Detection of TBEV RNA in Ixodes ricinus ticks in north-eastern Poland
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Department of Tropical Parasitology, Institute of Maritime and Tropical Medicine, Medical University of Gdańsk, Poland
Ann Agric Environ Med. 2014;21(4):689–692
TBEV (Flaviviridae, Flavivirus) is an etiologic agent of tick-borne encephalitis (TBE), the most important arboviral human infection involving the central nervous system. The disease is endemic in a zone extending from central and eastern Europe to Siberia and Japan, and corresponds to the distribution of the ixodid ticks, which act both as the vectors and reservoir of TBEV. Humans acquire infection mainly by the bite of an infected tick. A continuous increase of TBE cases throughout Europe has been observed over a period of 30 years. The objective of this study was a preliminary determination of the infection level of ticks collected in North-Eastern Poland, the endemic area of TBE. Questing Ixodes ricinus ticks (adults, nymphs and larvae) were collected by flagging the lower vegetation in 55 locations in Poland in 2006-2009. A total of 2075 ticks (676 females, 555 males, 799 nymphs and 45 larvae) were collected and examined for the presence of RNA TBEV by nested RT-PCR. The average number of ticks in one pool was 6.98. The minimum infection rate of ticks with TBEV was estimated in total area as 0.96%. TBEV RNA was detected in all of the investigated developmental stages of ticks. The prevalence of viral infection in ticks is a useful indicator of TBE virus circulation and may be used for risk assessment of the degree of natural focus activity and of the risk to contact TBE in a particular natural habitat.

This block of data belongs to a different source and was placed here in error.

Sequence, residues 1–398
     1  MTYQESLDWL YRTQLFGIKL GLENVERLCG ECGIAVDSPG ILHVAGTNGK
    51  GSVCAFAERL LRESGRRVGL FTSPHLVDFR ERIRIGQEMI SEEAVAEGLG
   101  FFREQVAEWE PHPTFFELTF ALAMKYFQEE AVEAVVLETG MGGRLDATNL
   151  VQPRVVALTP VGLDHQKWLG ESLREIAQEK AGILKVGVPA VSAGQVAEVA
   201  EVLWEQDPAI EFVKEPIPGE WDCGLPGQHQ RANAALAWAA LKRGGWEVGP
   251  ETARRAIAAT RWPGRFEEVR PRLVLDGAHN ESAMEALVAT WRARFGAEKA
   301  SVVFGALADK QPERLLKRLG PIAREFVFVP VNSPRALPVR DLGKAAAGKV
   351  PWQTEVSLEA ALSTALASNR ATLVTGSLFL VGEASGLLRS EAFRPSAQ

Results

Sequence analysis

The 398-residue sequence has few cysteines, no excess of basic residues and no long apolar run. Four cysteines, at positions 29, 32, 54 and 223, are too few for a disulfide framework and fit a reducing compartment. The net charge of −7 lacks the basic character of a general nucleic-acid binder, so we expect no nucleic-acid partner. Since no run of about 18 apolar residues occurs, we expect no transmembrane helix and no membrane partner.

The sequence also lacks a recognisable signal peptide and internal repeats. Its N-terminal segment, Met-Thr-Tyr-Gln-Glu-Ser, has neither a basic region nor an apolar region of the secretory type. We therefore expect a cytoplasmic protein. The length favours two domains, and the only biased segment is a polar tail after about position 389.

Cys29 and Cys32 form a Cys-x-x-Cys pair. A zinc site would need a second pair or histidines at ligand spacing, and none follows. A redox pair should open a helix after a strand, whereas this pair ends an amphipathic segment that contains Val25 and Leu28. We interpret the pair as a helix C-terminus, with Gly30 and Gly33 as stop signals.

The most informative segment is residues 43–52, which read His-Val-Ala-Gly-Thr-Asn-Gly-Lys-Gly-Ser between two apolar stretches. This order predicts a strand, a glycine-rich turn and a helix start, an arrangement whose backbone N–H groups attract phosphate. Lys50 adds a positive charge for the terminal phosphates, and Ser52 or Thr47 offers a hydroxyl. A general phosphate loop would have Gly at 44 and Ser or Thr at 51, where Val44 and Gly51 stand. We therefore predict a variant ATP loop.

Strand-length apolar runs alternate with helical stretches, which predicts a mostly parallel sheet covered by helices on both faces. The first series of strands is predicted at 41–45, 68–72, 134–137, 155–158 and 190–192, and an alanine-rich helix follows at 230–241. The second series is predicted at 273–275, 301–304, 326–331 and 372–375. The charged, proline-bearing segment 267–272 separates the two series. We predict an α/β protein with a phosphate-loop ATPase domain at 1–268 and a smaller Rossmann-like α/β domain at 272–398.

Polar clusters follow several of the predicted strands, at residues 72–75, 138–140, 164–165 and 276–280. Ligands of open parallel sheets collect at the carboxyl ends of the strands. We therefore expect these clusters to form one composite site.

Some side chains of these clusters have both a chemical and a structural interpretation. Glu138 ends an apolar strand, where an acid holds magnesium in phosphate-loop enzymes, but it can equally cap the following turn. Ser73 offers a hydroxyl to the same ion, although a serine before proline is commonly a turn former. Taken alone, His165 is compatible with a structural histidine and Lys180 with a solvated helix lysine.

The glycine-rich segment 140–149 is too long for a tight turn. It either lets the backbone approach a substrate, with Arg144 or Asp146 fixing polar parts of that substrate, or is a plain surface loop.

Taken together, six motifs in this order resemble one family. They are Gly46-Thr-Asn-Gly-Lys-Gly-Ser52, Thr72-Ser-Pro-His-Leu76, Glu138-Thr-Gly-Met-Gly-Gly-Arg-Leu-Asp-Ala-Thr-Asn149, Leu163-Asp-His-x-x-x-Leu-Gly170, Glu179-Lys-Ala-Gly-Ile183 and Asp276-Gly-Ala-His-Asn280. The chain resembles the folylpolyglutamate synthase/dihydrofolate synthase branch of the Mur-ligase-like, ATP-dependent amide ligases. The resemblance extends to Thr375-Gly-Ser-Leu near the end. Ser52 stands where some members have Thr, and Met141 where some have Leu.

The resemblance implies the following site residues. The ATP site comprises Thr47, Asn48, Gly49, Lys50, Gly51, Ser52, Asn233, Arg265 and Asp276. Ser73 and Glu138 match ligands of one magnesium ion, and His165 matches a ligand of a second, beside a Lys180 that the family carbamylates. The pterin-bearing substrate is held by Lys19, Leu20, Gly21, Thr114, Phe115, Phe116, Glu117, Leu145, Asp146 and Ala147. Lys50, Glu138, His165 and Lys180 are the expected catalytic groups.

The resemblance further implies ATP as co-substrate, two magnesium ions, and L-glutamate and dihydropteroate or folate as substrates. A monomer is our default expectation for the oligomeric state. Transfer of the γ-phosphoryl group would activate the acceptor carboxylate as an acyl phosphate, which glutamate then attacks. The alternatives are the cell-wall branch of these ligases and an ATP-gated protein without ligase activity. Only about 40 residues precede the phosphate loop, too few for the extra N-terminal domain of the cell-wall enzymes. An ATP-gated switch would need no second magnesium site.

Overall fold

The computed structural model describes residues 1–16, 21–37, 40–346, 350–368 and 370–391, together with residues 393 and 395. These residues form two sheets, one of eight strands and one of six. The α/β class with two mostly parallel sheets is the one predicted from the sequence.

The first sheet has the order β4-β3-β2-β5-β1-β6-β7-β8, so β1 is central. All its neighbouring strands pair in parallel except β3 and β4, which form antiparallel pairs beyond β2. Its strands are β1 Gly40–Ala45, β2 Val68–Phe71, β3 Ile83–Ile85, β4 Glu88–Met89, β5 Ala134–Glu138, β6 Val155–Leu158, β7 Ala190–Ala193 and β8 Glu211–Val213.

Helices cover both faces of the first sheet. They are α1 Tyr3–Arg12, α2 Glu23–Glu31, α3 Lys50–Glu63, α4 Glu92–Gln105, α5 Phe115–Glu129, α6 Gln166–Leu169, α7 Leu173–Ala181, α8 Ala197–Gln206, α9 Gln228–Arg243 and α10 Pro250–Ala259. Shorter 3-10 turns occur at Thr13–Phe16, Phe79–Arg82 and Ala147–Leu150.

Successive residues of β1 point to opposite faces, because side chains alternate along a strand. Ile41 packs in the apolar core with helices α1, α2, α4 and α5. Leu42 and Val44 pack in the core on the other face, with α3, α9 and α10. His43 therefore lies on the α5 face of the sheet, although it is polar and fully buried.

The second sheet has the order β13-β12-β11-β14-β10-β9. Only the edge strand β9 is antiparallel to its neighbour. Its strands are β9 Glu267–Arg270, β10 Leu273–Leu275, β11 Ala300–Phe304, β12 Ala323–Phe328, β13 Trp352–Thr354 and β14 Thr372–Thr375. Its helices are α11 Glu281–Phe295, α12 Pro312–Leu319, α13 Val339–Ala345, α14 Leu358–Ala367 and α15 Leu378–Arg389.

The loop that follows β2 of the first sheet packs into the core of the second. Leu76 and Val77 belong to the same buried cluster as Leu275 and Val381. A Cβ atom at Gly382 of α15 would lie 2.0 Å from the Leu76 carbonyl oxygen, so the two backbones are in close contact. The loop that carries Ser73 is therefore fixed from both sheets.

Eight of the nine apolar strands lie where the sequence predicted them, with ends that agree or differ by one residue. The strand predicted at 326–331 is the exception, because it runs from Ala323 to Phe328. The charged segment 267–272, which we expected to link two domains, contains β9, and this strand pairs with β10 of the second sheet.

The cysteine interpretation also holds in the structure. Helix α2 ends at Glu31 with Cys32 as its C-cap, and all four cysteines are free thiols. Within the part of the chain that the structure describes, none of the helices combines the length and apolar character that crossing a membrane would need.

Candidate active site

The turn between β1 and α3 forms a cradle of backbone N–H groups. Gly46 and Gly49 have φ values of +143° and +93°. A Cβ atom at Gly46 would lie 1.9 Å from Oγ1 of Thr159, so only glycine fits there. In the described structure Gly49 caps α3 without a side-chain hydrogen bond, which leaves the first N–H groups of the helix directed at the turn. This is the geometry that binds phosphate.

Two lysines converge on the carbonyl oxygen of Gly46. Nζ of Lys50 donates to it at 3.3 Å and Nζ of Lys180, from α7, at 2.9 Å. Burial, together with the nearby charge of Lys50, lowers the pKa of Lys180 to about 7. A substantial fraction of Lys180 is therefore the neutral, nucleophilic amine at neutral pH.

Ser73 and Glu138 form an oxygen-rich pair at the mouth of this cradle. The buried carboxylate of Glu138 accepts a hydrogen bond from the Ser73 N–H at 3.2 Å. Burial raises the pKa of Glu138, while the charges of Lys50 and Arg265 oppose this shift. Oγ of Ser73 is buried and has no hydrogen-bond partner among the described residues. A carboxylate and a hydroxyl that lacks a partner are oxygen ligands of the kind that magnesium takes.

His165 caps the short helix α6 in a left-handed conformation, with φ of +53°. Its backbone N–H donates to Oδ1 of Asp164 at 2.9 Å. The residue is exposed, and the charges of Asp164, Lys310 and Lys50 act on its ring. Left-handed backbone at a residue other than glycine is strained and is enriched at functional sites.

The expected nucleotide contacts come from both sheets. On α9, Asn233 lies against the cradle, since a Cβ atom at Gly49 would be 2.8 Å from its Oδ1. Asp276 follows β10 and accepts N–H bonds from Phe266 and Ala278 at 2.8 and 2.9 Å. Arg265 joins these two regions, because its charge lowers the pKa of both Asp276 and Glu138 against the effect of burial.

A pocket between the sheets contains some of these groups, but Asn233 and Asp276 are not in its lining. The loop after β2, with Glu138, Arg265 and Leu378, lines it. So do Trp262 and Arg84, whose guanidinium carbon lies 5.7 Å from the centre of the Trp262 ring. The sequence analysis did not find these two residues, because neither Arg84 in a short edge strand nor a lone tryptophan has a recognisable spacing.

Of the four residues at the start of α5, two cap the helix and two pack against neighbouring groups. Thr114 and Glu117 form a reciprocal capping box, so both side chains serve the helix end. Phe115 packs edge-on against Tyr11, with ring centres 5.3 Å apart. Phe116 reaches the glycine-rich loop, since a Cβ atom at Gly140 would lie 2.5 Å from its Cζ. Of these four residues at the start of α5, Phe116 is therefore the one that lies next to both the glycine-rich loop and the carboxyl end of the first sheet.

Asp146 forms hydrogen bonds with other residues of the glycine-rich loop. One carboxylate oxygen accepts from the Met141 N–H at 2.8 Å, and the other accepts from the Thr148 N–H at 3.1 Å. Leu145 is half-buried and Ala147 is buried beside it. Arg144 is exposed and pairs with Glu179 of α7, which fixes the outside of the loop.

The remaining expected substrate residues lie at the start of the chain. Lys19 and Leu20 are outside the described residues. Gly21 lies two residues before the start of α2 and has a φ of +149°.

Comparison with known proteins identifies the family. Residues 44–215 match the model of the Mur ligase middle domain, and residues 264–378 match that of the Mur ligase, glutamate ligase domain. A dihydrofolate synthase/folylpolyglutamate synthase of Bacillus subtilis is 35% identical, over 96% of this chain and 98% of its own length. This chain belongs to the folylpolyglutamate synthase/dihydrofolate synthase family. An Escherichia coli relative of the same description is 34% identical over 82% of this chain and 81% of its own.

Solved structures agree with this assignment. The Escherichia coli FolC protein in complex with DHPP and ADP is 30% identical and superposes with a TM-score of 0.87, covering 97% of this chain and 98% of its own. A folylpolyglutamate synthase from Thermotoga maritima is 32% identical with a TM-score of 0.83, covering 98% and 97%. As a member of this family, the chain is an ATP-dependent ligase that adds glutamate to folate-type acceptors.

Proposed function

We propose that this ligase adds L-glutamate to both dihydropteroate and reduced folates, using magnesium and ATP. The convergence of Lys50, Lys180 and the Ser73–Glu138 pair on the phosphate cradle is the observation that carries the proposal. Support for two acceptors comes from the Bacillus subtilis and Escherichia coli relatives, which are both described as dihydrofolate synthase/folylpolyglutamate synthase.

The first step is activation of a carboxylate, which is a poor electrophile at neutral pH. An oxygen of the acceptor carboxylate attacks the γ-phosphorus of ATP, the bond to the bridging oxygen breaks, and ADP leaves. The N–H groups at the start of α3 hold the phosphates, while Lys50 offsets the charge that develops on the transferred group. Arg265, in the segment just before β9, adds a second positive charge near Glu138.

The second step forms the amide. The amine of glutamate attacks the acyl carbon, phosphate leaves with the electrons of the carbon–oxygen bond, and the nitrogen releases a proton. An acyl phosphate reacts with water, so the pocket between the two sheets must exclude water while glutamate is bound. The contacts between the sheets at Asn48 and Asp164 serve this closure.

Beata Biernat   
Department of Tropical Parasitology, Institute of Maritime and Tropical Medicine, Medical University of Gdańsk, Poland
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